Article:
Jones warns listeners that President Obama is going to “create concentration camps for right-wing dissidents,” and “implement massive gun seizures,” which Blumenthal contends is all designed to create fear and mobilize grassroots opposition to all things Obama (like healthcare reform) support for far right Republican causes, and fill the coffers of right-wing organizations that have become depleted during the eight years of GW Bush.
While both Blumenthal and others use the term “fringe” to describe many of these elements of the right, they are, however, not unpopular. Talk radio figures like James Dobson, Michael Savage, and even Jones, command enormous audiences of several million Americans, and regularly influence mainstream reporting on news and aspects of the Obama administration, and the Democratic party.
Blumenthal delves into the psychology that is part and parcel of the right-wing playbook and in fact supports its framework. Jane Smiley’s review of Blumenthal’s book gives considerable space to this element of the book, and I think it is an important aspect of understanding how all the various elements and the vast network of seemingly disparate organizations connect.
From Smiley’s review:
Blumenthal does two things that no one else I have read manages to do–the first of these is that he organizes the network. He shows how Ted Bundy is connected to James Dobson is connected to Gary Bauer is connected to Erik Prince is connected to Ralph Reed is connected to Jack Abramoff is connected to Tom Delay is connected to Tony Perkins is connected to David Duke is connected to Mel Gibson, and so forth, and in the course of tracing these connections, he informs us, or reminds us, of the crimes and misdemeanors these people have committed.
It appears that Blumenthal deftly connects the dots and ties this “vast right-wing conspiracy” (sorry, couldn’t resist Hillary’s terminology on this) to the Christian Dominionists, a group that almost no one on the left knows anything about, but wield power and influence, followers of the late RJ Rushdoony, and Gary North.
More from Smiley’s review regarding this movement, which Blumenthal details in his book, whom he equates with the Taliban, quite accurately, I might add:
Many of the Evangelicals Blumenthal discusses are Christian Dominionists–that is, they differ from the Taliban only in their choice of doctrine. Their uses of that doctrine (to dehumanize women and other groups, to never share power, to control every aspect of every life within their power, and to create society as a steeply hierarchical structure with them at the top) are those of the Taliban.
It’s an eye-opener to read about R.J. Rushdoony, son of Armenian immigrants who fled the Armenian genocide of 1915. You would think that a man whose family escaped mass murder would go on to espouse peace, love, and understanding, but Rushdoony went the other way, taking literally the 613 laws in the Book of Leviticus. In his book, The Institutes of Biblical Law, he advocates capital punishment for “disobedient children, unchaste women, apostates, blasphemers, practitioners of witchcraft, adulterers,” and homosexuals. Gary North, the Presbyterian Christian Reconstructionist, is his son-in-law, and, while not backing down on the mass death penalty, advocates stoning rather than burning at the stake, because stoning is cheaper (and of course that is a factor, because there would be a lot of people to exterminate). As for who would be doing the killing (of you and me, if they could catch us), well, Christians would, but not because they wanted to. Ever unable to accept responsibility, they assign agency to God, who wants us killed, who will beat us until we “crumple” on his “loving” breast, a God who has given us all sorts of talents, skills, and interests, but is, like these Christian Dominionists, interested only in power. I believe his motto is “Adore me or I will hurt you.”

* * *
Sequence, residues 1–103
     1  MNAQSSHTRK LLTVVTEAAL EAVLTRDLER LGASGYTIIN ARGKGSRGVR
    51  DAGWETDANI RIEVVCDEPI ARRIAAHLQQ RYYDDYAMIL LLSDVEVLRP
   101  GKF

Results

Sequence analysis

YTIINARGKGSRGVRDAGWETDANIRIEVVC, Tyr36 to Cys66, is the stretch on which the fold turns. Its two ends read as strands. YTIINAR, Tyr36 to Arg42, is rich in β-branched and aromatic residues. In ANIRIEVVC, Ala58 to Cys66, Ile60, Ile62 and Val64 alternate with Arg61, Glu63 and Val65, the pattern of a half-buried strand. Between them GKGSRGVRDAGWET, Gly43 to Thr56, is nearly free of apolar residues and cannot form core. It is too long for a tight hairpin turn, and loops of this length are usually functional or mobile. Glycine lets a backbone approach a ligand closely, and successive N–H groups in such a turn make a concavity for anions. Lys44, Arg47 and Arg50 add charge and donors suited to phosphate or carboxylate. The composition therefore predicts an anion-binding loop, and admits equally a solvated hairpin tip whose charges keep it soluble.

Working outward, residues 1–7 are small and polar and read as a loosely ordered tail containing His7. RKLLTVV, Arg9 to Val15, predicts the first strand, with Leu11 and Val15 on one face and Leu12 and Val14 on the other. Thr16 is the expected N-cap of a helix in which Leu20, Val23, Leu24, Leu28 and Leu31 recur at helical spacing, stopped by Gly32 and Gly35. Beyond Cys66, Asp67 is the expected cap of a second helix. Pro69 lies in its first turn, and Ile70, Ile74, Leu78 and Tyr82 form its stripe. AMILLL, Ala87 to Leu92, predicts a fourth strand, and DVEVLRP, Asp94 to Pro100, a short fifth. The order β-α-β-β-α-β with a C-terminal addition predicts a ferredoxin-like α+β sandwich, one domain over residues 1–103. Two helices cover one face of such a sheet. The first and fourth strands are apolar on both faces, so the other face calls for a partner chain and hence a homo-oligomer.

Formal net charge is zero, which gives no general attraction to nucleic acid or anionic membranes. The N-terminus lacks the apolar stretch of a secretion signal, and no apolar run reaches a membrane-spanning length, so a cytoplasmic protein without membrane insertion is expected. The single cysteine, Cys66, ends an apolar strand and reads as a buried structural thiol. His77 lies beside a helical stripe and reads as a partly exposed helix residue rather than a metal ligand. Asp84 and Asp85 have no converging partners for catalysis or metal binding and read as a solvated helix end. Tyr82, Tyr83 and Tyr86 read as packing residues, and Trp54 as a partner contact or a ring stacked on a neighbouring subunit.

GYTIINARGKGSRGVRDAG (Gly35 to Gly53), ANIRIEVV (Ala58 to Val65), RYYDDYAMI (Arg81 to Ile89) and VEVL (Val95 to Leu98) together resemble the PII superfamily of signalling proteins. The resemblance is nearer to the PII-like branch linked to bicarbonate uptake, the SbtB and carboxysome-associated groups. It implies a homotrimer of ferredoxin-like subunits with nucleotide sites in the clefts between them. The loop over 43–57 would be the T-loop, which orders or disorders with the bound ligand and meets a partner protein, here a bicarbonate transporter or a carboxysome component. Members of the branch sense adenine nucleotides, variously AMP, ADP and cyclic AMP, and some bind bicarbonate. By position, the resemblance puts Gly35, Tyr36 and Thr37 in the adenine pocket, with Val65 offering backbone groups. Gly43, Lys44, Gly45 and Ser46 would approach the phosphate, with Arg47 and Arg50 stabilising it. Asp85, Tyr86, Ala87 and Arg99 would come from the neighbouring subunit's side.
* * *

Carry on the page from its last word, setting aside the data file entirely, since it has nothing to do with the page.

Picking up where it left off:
I think one reason that the right continues to gain support and that those who don’t subscribe to their doctrine underestimate their staying power, is that they have never been up close and personal to this craziness and succumbed to its power, even for a short period, like I have.
Having seen its darkness, and been in its clutches, and broken free, might be one of the reasons why it concerns me so much and continues to motivate me to warn others.
I’ll be picking up Blumenthal’s book sooner, rather than later. I urge others to do the same.
Friday, September 18, 2009
This week, I was thinking about leadership, and the lack of it wherever you look—locally, at the state level (the two areas where I get to stare this paucity in the face), and following the healthcare debate, it’s quite apparent that the election of Mr. Obama hasn’t done anything to change the corporate stranglehold on power and politics. If you aren’t one of America’s elite powerbrokers, you are SOL and without an advocate for the things that matter to the working or middle classes.
We need Superman in the worst way, but he seems to be unavailable at the moment.
Larry Norman-Reader’s Digest/Only Visiting This Planet
I’ve written about Larry Norman before. This morning, I heard another song that made me thing about this track of Norman’s from a 1973 album.
Norman sang, “It's 1973, I wonder who we're gonna see
Who's in power now? Think I'll turn on my TV,
The man on the news said China's gonna beat us,
We shot all our dreamers, there's no one left to lead us.
We need a solution, we need salvation,
Let's send some people to the moon and gather information.